My prior post about the post-restructuring version of LCC’s East District has attracted a couple of comments I’d like to address. For reference purposes, LCC East District’s current handbook and policy documents can be found on this page.
One comment on the CEF Investors Forum offered an alternative explanation about the 1/3rd membership quorum as referring to the number of members in the corporation as of the time the meeting took place. My response was that it could be read either way and a minor tweak to the wording would clear the whole issue up so there’s no opening for misunderstanding and/or argument.
This commenter also offered the following questions of concern:
To which positions do we elect the best candidates?
For a lay person: Is it better to elect them to the Regional Mission & Ministry Council or to the ED BOD?
For a clergyman: Is it better to elect them to be Regional Pastor or to be on the ED BOD?
Given what East District will become in 2019, it and Synod will need people with different skill-sets. IMO this makes the question more one of matching skills to needs as opposed to which organization gets the “best” candidates.
Pastor Schutz from scenic BC offered another comment on the blog post itself.
1. how can the purposes of the corporation not be changing (Article IV of the 2015 handbook) if the corporation will no longer deal with ecclesiastical matters (page 25 of the proposal, as you have highlighted above), since the purposes are explicitly ecclesiastical in nature?
My read of the current bylaws is that there’s nothing that prevents LCC East District the corporate entity from changing its purpose as long as proper procedure is followed and its membership approves of those changes.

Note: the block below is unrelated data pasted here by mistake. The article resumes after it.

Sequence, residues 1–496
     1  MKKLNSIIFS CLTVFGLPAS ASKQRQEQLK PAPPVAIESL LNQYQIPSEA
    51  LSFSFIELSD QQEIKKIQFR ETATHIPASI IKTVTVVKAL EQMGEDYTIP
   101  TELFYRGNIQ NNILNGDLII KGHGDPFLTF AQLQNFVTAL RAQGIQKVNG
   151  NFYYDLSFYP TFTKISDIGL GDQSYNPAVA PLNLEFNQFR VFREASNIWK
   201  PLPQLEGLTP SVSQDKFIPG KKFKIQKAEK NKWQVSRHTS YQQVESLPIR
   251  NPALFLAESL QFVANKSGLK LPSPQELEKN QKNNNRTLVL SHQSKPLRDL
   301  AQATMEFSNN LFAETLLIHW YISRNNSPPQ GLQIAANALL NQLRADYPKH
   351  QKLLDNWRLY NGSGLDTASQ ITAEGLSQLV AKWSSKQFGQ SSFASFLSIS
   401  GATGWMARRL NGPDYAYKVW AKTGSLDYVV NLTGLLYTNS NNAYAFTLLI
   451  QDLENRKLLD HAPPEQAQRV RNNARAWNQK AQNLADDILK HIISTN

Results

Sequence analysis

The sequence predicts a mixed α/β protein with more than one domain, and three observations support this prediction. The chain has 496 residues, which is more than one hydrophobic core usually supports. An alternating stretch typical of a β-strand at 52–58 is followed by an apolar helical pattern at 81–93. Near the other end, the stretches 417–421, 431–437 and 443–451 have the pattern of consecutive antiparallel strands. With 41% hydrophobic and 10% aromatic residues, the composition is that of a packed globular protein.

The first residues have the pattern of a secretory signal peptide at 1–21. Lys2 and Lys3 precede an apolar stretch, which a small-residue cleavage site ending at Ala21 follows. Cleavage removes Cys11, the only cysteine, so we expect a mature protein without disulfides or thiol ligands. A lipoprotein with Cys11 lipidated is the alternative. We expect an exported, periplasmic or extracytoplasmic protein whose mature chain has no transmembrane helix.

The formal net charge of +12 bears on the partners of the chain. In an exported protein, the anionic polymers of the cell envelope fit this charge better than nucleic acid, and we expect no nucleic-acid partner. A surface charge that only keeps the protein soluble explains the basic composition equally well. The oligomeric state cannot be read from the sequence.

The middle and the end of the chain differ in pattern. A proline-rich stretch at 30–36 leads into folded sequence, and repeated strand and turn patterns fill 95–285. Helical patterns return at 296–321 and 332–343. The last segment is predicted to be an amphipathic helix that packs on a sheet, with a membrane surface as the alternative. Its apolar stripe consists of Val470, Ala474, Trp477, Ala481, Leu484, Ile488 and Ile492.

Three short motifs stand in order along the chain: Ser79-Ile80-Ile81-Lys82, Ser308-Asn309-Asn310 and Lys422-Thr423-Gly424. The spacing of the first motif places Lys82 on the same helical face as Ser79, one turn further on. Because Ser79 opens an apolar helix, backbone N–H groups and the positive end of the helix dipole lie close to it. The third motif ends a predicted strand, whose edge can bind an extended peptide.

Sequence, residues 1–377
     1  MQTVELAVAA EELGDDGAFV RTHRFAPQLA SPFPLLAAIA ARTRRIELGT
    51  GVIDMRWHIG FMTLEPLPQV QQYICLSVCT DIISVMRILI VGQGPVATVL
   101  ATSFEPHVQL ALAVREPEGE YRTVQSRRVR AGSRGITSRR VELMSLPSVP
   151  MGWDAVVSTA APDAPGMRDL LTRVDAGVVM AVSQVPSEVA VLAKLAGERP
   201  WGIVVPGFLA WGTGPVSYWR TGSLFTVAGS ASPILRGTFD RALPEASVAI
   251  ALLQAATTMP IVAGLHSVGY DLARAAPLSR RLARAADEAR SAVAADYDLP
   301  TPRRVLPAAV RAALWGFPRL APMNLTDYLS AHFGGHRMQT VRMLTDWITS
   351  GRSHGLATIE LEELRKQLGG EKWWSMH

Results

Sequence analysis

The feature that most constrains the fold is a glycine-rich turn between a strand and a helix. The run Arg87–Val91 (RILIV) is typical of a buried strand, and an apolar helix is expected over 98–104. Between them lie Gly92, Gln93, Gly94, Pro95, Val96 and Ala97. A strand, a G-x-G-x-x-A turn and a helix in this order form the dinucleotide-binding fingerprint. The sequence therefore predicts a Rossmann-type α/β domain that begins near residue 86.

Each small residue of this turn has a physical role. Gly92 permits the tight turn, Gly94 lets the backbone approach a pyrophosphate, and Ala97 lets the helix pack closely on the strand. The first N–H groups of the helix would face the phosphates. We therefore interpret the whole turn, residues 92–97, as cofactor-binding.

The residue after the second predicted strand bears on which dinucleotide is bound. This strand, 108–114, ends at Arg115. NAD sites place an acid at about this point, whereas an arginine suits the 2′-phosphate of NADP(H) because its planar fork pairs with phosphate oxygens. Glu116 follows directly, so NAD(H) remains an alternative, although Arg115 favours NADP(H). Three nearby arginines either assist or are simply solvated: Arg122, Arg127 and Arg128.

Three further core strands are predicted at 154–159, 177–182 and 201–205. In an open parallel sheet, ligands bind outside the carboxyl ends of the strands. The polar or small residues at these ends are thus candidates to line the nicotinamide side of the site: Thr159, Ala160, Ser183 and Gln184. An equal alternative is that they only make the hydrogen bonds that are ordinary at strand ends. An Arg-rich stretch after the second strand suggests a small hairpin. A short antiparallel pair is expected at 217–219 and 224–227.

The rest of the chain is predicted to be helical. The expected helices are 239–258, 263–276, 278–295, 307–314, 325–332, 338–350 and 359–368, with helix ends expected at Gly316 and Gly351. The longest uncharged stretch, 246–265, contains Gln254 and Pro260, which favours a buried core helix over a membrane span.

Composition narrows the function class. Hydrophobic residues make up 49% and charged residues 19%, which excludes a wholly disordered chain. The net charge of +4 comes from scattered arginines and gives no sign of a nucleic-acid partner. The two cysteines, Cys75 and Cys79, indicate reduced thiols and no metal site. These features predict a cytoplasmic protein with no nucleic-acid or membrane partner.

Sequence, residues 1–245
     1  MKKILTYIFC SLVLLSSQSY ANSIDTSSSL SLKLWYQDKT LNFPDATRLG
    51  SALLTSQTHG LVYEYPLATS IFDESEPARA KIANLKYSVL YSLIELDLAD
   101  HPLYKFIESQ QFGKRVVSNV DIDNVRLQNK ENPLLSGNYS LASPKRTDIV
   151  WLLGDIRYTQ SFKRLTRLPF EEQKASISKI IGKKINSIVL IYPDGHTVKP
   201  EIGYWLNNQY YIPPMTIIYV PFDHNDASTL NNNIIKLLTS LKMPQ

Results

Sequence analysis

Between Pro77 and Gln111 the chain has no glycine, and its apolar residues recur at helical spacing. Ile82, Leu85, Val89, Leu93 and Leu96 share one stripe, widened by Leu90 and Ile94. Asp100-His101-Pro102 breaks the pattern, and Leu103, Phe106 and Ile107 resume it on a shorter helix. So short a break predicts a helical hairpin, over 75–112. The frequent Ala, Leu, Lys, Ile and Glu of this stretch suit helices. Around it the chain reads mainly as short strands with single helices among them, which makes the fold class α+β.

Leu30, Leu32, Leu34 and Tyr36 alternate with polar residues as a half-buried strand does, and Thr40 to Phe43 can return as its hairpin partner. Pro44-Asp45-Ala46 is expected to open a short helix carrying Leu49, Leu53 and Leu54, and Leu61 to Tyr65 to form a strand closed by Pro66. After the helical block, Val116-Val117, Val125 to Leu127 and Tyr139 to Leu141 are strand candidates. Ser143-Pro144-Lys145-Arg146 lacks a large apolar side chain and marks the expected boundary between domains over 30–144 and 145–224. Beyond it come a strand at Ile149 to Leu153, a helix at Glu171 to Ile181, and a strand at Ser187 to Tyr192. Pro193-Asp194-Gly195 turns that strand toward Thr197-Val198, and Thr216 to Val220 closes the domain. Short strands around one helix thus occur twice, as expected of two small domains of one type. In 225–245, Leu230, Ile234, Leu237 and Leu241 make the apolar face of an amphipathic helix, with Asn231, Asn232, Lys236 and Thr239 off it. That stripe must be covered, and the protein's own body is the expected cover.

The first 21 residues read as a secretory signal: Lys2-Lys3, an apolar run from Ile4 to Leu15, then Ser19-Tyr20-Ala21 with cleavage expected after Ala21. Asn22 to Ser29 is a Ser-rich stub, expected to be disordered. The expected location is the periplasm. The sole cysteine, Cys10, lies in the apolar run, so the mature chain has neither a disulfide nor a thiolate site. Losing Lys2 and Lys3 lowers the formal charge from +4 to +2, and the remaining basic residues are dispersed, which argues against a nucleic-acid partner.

2. if the corporation will not deal with ecclesiastical matters, why is membership contingent on membership in LCC, why are members of Synod still involved in meeting and voting, and why is there any requirement for clergy representation on the Board at all, never mind an equal number of clergy and laity?
If the current East District is morphing into an asset holding company for the explicit purpose of supporting LCC churches and schools, then one would want it to be under the supervision and governance of people knowledgeable of Synod. This would ensure its continued support of Synod’s objectives and to prevent it from becoming a secular organization like so many other church-started organizations have become in the past.
If we are going to still require our congregations, pastors, and deacons to be involved in the operations of four corporations instead of one, then the shortcomings of our restructuring are going to be even more magnified than they have been already.
To clarify – nothing in this document requires any pastor or church to participate in East District 2019.
Once these changes are adopted any grandfathered members can resign from it if they want. The ones that remain can participate in its activities at whatever level they want and is available. These changes are strictly about altering the corporation’s purpose and requiring it to source its governing body members from LCC’s membership rolls, it doesn’t impose a burden on the membership that requires them to do anything.
I would also note that in this new structure East District 2019’s focus and work will be dramatically narrowed which should reduce the amount of work its governing body needs to do.